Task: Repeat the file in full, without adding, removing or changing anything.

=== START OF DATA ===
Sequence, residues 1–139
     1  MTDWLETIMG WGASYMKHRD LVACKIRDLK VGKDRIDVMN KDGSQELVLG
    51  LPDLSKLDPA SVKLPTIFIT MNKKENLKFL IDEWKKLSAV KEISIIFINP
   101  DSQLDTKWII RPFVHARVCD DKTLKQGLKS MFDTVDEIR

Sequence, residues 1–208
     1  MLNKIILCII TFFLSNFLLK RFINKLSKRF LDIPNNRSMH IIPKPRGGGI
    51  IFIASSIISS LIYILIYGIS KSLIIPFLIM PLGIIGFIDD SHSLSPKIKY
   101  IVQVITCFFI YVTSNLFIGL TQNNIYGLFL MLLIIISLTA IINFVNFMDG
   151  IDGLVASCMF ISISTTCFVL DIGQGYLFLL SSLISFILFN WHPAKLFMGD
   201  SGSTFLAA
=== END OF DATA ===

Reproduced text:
Sequence, residues 1–139
     1  MTDWLETIMG WGASYMKHRD LVACKIRDLK VGKDRIDVMN KDGSQELVLG
    51  LPDLSKLDPA SVKLPTIFIT MNKKENLKFL IDEWKKLSAV KEISIIFINP
   101  DSQLDTKWII RPFVHARVCD DKTLKQGLKS MFDTVDEIR

Sequence, residues 1–208
     1  MLNKIILCII TFFLSNFLLK RFINKLSKRF LDIPNNRSMH IIPKPRGGGI
    51  IFIASSIISS LIYILIYGIS KSLIIPFLIM PLGIIGFIDD SHSLSPKIKY
   101  IVQVITCFFI YVTSNLFIGL TQNNIYGLFL MLLIIISLTA IINFVNFMDG
   151  IDGLVASCMF ISISTTCFVL DIGQGYLFLL SSLISFILFN WHPAKLFMGD
   201  SGSTFLAA